Various positive projections about Africa’s demographic prospects and preponderance in human resources in decades ahead remain, for now, as projections at the very best, and are vulnerable to confounding variables which could upset such projections in ways beyond contemplation in the very near future or thereafter. Some of those variables are already self-evident in their expressions and impacts. The convergence and fusion of technologies, manifested as blurring of the lines between the physical, digital, and biological spheres that characterise the fourth industrial revolution are no longer far-fetched in Africa, as they are already defining the way of life in the advanced countries.
The emerging technological breakthroughs in robotics, artificial intelligence, blockchain, nanotechnology, quantum computing, biotechnology, the Internet of Things, fifth-generation (5G) wireless technologies, additive manufacturing or 3D printing, autonomous vehicles and digital security devices are all too obvious to ignore, for their increasing ubiquity and pervasive influences in other technologies and economies. Their disruptive effects on industries and countries require keen sense of concern and call for proactive policy responses and governance structures. Africa’s prosperity or otherwise cannot be insulated or extricated from these emerging advancements.
The fourth industrial revolution affects Africa’s global competitiveness overwhelmingly. Considering the information technology (IT) industry, Africa must increase efforts, investment, manpower development and policy attention to gain and sustain competitiveness. IT is a catalyst and leading wealth and revenue generator of all the industries in the service sector. We need to come to terms with the growing relevance of the service sector, the importance of IT and its cascading effect on the global economy as well as its capacity to help other sectors improve productivity, operate more efficiently and innovate faster in the context of IT as a deeply knowledge-intensive industry with cross-cutting roles in various sectors.
It is also time to recognise IT as a driving force in markets, tool for transformative business value across a wide range of industries and markets and a contributor to improved productivity, more efficientoperation and faster innovation. Worldwide IT spending forecast from 2014 to 2019 was projected to grow, rising from $2,081.9 billion to $2,199.3 billion in 2015, to $2.252,9 billion in 2016 and $2,461.1 billion in 2019 (or $2.08 trillion, $2.19 trillion, $2.25 trillion and $2.46 trillion respectively). But in 2017, the global information technology industry surpassed $4.5 trillion, according to IDC, a research consultancy, with spending may eclipse the $4.8 trillion mark in 2018, If growth expectations materialise.
The IT industry is one of the most significant contributors to GDP. Two industry watchers, the IDC and CompTIA, forecast North America will be the source of 31 per cent of the global IT industry’s revenues worth $3.8 trillion worldwide, with Asia following closely behind at 29 per cent, and China fuelling the biggest shift in global industry allocations. In the aggregate, the Asia-Pacific region, which encompasses Japan, China, Australia, India, and surrounding countries, accounts for one-third of the total. By 2032, China is projected to claim the mantle of world’s largest economy. The forecast of the growth in the global share of IT industry by region showed that Africa was to rise from a mere seven per cent to 11 per cent share, while Asia’s was to be on a steady 29, the North America decreasing slightly from 31 to 30 per cent.
The IT industry’s growth and proliferation will depend, to a great extent, on the growth of the service sector in any country or region. The International Monetary Fund (IMF) estimated that the total global economy was worth $77.6 trillion in 2014. The rising profile of service sector is expected to provide reliable insights on its size, globally with an increasingly important role in the global economy and the growth and development of countries as available data show. According to the 2011 World Development Indicators, the services sector accounted for almost 71 per cent of global GDP in 2010 and is expanding at a quicker rate than the agriculture and the manufacturing sectors. Moreover, trade in services is growing at a pace faster than trade in goods since the 1980s. In 2011, commercial services exports grew 11 per cent to $4.1 trillion, with 29.82 per cent coming from developing countries and 2.85 per cent from transition economies.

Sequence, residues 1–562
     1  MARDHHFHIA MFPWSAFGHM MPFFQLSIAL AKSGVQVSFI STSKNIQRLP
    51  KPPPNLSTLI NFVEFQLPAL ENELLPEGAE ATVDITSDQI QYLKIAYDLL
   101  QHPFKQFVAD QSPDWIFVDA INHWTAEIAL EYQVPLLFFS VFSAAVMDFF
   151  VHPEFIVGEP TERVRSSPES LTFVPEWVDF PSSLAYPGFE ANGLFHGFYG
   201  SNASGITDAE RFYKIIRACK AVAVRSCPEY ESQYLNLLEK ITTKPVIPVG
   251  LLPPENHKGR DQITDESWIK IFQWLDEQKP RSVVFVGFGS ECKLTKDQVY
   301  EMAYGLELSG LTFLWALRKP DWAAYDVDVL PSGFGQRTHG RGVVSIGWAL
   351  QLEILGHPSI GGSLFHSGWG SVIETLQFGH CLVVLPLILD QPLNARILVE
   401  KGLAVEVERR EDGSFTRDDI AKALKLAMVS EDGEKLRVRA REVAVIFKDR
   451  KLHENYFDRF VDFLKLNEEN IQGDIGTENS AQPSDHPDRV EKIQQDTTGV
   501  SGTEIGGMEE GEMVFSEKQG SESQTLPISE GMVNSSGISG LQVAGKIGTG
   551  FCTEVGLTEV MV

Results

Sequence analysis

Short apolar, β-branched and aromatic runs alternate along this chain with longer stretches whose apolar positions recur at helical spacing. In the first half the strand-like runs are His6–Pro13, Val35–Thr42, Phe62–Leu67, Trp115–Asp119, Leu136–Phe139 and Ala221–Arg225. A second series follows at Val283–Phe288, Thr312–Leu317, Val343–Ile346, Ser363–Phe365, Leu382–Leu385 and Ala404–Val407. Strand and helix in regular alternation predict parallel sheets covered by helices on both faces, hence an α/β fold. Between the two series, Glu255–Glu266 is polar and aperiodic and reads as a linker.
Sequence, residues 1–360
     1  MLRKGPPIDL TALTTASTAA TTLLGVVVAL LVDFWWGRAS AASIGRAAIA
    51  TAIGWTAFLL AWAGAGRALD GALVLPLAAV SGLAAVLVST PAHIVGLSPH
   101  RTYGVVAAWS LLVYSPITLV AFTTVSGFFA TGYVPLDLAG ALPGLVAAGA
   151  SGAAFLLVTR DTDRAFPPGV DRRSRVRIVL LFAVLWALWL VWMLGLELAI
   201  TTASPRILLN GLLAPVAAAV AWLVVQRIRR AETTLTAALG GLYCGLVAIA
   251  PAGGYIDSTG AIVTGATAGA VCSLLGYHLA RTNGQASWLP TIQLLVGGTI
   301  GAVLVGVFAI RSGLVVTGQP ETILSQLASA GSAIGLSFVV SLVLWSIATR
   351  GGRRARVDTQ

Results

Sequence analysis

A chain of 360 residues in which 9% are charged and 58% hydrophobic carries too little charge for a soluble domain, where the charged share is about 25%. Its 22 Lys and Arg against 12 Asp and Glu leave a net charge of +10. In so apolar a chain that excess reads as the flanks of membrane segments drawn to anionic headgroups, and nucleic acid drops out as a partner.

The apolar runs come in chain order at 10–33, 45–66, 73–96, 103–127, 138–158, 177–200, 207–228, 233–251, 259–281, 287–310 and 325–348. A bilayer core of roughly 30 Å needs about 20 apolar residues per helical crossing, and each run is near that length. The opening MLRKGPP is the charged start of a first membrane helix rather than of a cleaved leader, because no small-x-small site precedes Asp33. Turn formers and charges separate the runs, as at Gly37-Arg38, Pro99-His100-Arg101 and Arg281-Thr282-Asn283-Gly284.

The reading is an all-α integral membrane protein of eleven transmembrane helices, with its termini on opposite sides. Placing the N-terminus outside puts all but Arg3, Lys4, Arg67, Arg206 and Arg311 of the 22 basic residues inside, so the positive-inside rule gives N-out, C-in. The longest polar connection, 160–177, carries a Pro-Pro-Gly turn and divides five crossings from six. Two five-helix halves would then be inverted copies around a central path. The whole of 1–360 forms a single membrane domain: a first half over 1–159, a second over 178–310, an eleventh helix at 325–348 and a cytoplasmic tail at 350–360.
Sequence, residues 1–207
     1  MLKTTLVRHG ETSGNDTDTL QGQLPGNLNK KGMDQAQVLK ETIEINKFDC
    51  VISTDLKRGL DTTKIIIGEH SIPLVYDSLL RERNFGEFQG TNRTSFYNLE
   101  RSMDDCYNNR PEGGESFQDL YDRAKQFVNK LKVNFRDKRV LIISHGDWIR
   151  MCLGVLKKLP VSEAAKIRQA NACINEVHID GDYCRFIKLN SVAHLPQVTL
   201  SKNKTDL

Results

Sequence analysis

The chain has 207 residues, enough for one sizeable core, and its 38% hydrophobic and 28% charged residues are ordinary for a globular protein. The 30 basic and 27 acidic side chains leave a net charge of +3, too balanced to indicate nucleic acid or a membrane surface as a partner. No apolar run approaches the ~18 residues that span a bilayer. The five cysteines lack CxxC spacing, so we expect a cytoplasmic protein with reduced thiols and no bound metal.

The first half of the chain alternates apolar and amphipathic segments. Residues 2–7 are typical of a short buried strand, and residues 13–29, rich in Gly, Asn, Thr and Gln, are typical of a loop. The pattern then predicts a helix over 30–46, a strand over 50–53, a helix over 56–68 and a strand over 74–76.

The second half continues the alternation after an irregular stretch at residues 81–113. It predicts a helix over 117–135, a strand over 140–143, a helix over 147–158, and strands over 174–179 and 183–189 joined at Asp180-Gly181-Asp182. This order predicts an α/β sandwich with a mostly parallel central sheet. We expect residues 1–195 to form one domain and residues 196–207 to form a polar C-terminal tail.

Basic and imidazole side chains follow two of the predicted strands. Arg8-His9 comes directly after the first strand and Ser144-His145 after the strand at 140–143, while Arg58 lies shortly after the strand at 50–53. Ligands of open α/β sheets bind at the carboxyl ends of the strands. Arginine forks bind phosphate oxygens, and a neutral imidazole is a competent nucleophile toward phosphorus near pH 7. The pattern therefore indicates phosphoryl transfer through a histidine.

Considering the continued leading roles played by low income developing countries’ (LIDC) governments in economic endeavours that has progressively moved to the private sector domain, an emphasis on the World Trade Organisation’s (WTO’s) General Agreement on Trade in Services (GATS) seems appropriate here. The GATS applies in principle to all service sectors, with two exceptions. Article I(3) of the GATS excludes “services supplied in the exercise of governmental authority,” notably services that are supplied neither on a commercial basis nor in competition with other suppliers. Examples are social security schemes and any other public service, such as health or education, provided at non-market conditions. These are relevant for Africa in that such services, and many others, albeit qualitatively poor and inefficient, are still held on to by public service institutions.
Much transformation is still needed to put Africa’s economy on sound footing. Overall services output and trade, though small, are growing rapidly, while dismal performance attributable to poor infrastructure and a lack of skilled workers continue to inhibit services sector expansion in the region. Informal sector participation significantly inhibits Africa’s services economy’s growth. Services account for a large and growing share of overall SubSaharan Africa’s economic output. In 2015, the services sector accounted for 58.0 per cent of gross domestic product (GDP), up from 47.6 per cent in 2005. The extent to which individual countries rely on services sector output varies widely. South Africa and Nigeria, two largest economies, dominate the Sub-Saharan Africa’s (SSA) services economy, respectively accounting for 29.9 per cent and 27.8 per cent of services value added in 2015.
The informal sector’s contribution to the SSA’s services economy, relative to the total economy is substantial; although there are no specific data on the informal sector’s contribution to the services economy, estimates suggest that the overall informal sector is large, and services activities generally account for a substantial share of its output and employment. Despite the multiple definitions of the informal sector, this segment of the economy is generally said to include unincorporated private enterprises typically run by individuals or groups on a small scale, not knowledge intensive and not concerned with data and high tech operations. Informal businesses may employ workers who are not covered by a formal employment contract. Common informal sector services providers in SSA include street or market vendors in the retail sector, unlicenced or temporary truck drivers in the transportation sector, local moneylenders in the financial sector, artisans and casual workers mostly excluded in data-driven policies and mostly overlooked or ignored despite their relevance, with consequential losses to states in unrealised taxes and other missed revenues within the informal space.